Technology is rapidly re-shaping patients’ expectations of their healthcare providers, with the sector under pressure to adapt to meet the evolving expectations of today’s digitally-empowered patients, a new study has found.

According to MedicalDirector’s Patient Engagement Survey 2018, conducted with online appointment and ehealth platform HotDoc, Australians are demanding doctors adopt tech solutions to improve convenience, patient empowerment and care outcomes.

Patients want doctors to use more technology

In a survey of more than 2000 patients across Australia, the report discovered 70 per cent of patients want healthcare providers to improve their use of digital tools, mobile technology and the internet.

Patients are particularly attracted to technologies that could help them better manage their appointments, communicate with their general practitioners and get test results.

Key to adopting innovation is the doctor-patient relationship, MedicalDirector’s CEO Matt Bardsley said.

“Information always needs to be provided to patients with the appropriate support structures. That’s why the doctor needs to play an integral part in that communication at all times.”

Patients want continuity of care for better health outcomes

Australian GPs continue to provide a consistently high standard of care, reflected in good patient satisfaction, regular GP visits and loyalty to medical practices and doctors.

The research found continuity of care is high in the Australian healthcare system, with most patients (80 per cent) visiting their doctor at least every six months. Patient loyalty to general practitioners is also high, with 72 per cent of respondents consulting the same doctor for more than two years. Only two per cent of patients visited their GP less than once a year.

“The statistics around patient loyalty to their GPs doesn’t surprise me because I see that in my own practice. It is a good thing as continuity of care always leads to better health outcomes,” GP and Chief Medical Advisor at MedicalDirector Dr Charlotte Middleton said.  

Patients want you to respect their privacy

Australians demand a secure digital health ecosystem where the protection of their privacy is a top priority. When it comes to accessing medical health records, over 90 per cent of respondents agreed both security (availability, accuracy, safety and integrity of data) and privacy (confidentiality and appropriate use of data) are extremely important.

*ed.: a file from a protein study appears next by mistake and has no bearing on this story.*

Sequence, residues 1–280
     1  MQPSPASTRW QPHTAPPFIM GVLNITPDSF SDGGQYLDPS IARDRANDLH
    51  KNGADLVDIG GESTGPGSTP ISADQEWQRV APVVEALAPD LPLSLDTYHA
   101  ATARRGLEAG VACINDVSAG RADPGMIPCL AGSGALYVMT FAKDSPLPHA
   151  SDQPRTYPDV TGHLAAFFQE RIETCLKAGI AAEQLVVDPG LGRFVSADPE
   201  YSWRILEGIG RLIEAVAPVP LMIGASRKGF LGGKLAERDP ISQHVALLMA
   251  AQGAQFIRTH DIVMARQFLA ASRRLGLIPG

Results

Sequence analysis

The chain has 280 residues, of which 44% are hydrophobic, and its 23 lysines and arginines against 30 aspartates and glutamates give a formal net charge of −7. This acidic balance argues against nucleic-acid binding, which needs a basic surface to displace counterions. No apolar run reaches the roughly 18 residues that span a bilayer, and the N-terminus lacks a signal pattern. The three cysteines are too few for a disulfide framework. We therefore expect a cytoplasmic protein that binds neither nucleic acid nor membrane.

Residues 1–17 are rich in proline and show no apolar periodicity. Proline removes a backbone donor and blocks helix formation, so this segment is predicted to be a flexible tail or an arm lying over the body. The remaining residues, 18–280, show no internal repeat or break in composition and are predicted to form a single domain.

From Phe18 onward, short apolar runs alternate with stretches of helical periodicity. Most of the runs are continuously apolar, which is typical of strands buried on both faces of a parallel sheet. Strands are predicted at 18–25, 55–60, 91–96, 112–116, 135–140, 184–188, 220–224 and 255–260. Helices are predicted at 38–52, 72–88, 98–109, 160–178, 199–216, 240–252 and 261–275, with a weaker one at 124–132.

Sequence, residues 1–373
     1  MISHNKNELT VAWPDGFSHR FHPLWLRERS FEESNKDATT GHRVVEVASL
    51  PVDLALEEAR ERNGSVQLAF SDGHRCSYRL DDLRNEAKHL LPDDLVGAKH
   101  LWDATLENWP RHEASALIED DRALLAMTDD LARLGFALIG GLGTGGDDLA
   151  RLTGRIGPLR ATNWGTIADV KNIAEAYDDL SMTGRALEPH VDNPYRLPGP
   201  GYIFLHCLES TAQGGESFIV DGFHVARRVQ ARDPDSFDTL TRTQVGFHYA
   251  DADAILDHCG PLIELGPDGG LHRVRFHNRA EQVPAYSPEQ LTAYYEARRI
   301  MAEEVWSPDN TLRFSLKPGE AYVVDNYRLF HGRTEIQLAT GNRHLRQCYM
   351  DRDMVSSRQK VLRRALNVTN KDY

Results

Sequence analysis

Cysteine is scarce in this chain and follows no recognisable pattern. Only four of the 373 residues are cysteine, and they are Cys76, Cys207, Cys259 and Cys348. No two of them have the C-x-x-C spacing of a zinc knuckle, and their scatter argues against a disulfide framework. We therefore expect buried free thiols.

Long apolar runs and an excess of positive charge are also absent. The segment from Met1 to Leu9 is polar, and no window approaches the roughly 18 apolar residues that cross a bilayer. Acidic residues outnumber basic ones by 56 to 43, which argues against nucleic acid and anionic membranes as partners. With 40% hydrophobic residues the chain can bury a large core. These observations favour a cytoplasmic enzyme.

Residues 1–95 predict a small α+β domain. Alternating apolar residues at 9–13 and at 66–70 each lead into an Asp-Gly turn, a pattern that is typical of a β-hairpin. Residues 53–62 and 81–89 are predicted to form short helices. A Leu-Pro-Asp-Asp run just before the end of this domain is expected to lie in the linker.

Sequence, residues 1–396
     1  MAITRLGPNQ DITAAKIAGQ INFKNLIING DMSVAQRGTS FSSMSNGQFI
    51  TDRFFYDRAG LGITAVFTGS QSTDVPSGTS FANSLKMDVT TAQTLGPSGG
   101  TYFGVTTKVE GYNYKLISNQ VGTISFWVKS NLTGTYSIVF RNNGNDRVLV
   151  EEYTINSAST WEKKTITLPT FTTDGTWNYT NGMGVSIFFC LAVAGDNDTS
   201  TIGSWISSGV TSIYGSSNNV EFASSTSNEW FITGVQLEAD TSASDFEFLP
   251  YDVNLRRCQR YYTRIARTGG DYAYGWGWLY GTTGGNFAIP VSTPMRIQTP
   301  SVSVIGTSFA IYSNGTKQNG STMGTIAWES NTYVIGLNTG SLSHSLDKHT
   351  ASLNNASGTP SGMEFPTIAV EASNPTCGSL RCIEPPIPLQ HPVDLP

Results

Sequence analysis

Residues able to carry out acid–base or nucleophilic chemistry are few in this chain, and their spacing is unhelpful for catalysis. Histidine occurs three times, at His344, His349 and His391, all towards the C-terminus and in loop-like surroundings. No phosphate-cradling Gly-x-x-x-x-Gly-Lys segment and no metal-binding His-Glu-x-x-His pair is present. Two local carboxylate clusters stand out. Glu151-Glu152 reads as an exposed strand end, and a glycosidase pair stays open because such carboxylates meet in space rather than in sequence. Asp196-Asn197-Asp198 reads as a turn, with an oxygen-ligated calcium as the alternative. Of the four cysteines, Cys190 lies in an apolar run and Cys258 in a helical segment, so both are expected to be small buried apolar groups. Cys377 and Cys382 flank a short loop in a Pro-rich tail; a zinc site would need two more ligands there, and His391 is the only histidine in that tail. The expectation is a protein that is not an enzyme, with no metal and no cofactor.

According to Bardsley, the survey says there is an appetite for better digital experiences but the ecosystem of innovation needs to be developed with a security-first mindset.

“We take universal sentiments about security being everything to patients very seriously, which is why we support that innovation through our partner ecosystem, and our solutions leverage the market-leading secure platform Microsoft Azure,” he said.

Patients want more health information

Education around health conditions continues to be an issue among Australian patients, with 78 per cent of patients researching their condition online before seeing their GP. Ninety per cent say they would like more resources from their GP and fact sheets explaining their condition and how to better manage it.

“The finding that 88 per cent of patients report getting no information beyond the doctor’s advice is problematic as it suggests that doctors likely overestimate their patients’ retention of information and underestimate the value of supporting information such as fact sheets or links to valuable online content,” HotDoc founder and CEO Dr Ben Hurst said.

“In fact, 40 to 80 per cent of information is forgotten immediately by the patient, which may be exacerbated further by factors such as ageing, cognitive deficit or anxiety. And poor recall of information is a major cause of non-adherence in patients.”

The survey found a clear divide exists between patient expectations and the engagement, information and overall experience doctors are currently offering.

To bridge the gap, healthcare providers need to explore how technology can increase their level of patient-centric care, and how new communication channels and resources can be used to offer more personalised patience experiences, enabling a future of healthcare that offers even better health outcomes.




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